Research Output

Cooperative behaviour in cooperative breeders: Costs, benefits, and communal breeding.

  [Critical review of: R. Bergmüller, R. Johnstone, A. Russell and R. Bshary, Integrating cooperative breeding into theoretical concepts of cooperation, Behav. Process. 76 (2) 2007: 61-72.] In this issue, Bergmüller et al., 2007 ... have provided a valuable review paper, re-establishing cooperative breeding within a theoretical framework in field studies of cooperative breeding vertebrates. I am in agreement with the authors in their outlook and suggestions. In this critical review, I wish to (1) review the costs and benefits approach previously taken in the field, (2) evaluate communal breeding species with regard to the game-theoretical approach promoted by Bergmüller et al. (2007), and (3) consider the reasons why empiricists researching cooperative breeding have generally side-stepped a game-theoretical approach.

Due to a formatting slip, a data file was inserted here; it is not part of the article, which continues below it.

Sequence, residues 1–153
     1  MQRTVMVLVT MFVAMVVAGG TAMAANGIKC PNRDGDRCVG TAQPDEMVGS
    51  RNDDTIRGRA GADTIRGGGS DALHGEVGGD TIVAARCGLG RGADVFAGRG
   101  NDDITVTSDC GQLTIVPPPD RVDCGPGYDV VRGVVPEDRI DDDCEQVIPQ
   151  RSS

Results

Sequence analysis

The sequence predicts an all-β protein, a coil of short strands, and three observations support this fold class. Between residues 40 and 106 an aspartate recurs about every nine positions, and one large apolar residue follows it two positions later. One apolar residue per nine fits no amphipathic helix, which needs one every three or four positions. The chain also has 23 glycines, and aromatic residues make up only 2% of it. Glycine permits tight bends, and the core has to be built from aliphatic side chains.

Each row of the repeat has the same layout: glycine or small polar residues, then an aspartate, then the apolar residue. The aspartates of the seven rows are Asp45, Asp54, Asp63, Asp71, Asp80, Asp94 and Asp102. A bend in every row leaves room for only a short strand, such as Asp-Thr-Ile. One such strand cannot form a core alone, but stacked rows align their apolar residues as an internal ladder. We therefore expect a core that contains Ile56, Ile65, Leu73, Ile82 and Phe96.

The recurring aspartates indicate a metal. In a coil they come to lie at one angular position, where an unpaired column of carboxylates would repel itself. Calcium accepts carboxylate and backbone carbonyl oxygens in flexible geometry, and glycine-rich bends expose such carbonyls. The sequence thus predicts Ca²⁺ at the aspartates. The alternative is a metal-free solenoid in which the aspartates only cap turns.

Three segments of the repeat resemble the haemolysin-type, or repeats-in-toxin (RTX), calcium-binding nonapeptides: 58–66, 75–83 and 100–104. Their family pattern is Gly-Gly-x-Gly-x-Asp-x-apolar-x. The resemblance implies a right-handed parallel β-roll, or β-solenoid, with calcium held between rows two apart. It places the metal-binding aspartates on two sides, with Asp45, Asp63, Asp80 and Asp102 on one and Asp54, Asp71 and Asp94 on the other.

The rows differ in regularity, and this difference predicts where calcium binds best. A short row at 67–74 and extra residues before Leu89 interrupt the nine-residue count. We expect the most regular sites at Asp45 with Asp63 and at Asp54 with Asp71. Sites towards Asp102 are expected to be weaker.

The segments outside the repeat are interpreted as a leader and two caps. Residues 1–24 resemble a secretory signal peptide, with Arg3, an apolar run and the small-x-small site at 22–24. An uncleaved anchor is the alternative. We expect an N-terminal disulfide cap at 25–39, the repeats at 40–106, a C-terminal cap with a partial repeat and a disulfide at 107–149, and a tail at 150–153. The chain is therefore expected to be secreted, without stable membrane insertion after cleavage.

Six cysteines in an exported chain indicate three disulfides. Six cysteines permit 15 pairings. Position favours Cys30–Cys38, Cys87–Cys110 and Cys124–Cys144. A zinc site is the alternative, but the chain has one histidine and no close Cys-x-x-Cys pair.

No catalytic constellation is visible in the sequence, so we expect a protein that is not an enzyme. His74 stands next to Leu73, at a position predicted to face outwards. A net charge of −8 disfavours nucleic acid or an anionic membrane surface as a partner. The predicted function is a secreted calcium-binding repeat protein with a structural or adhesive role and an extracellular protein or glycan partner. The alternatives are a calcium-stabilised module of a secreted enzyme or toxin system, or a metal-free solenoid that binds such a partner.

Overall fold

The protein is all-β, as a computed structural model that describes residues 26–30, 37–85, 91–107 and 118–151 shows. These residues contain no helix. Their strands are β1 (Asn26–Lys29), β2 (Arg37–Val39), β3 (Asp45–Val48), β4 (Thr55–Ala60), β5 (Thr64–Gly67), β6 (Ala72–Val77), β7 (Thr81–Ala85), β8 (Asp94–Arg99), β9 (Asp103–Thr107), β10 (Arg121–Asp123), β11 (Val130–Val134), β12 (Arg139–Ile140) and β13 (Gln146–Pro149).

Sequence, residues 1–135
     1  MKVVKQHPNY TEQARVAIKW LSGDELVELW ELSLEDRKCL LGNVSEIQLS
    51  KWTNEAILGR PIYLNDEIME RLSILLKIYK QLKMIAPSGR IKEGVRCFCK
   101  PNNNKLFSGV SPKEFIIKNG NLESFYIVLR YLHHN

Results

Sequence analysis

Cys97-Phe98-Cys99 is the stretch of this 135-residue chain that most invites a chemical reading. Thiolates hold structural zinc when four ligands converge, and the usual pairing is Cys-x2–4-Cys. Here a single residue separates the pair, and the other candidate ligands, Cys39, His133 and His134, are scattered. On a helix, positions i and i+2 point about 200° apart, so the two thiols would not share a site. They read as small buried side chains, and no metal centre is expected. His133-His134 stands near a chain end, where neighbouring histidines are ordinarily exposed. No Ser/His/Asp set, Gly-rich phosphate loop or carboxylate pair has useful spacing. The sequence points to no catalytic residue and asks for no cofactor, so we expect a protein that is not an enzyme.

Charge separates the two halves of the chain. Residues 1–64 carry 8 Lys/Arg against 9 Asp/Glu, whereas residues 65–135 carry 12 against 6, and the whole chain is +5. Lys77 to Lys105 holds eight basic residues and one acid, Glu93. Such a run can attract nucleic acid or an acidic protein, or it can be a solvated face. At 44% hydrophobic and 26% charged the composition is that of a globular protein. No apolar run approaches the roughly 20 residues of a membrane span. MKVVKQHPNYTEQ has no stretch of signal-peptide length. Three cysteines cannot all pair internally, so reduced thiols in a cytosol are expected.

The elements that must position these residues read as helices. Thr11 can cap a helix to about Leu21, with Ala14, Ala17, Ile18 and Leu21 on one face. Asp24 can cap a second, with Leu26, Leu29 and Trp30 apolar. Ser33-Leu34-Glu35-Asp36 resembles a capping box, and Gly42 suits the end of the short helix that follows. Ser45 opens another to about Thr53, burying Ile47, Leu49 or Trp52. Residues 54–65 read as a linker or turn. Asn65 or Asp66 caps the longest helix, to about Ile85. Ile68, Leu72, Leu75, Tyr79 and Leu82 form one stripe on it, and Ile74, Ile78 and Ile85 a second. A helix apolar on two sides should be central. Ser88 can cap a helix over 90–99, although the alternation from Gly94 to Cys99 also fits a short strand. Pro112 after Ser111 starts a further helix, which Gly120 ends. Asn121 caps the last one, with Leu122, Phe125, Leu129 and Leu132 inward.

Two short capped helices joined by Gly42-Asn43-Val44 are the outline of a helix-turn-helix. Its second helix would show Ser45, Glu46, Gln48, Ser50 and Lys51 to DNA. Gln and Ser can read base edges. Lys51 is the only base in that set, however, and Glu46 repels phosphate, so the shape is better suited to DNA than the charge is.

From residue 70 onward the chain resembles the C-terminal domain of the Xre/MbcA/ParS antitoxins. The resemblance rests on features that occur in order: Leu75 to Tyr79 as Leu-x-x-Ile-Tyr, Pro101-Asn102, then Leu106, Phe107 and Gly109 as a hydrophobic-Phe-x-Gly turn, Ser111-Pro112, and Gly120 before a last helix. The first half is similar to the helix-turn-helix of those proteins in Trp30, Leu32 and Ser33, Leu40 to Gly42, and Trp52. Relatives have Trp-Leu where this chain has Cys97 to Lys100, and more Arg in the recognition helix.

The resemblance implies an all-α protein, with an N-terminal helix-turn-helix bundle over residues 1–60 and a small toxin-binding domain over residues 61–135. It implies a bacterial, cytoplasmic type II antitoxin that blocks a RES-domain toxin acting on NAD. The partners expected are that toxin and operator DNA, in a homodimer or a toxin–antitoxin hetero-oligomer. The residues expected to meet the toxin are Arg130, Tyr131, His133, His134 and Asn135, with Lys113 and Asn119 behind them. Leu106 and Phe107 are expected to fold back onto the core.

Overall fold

There is no doubting the great interest in cooperative breeding systems, in particular which individuals care for young, and the distribution of costs and benefits to care to determine whether and how individuals accumulate evolutionary fitness (Heinsohn and Legge, 1999). However, as Bergmüller et al. (2007) point out—this has proceeded relatively independently of game-theoretical approaches to cooperative behaviour.

Citation

Gilchrist, J. (2007). Cooperative behaviour in cooperative breeders: Costs, benefits, and communal breeding. doi:10.1016/j.beproc.2006.12.013

Authors

Keywords

Cooperative breeding; vertebrates; theories; field studies; costs and benefits; game theory models; empirical approaches; evolutionary gains;

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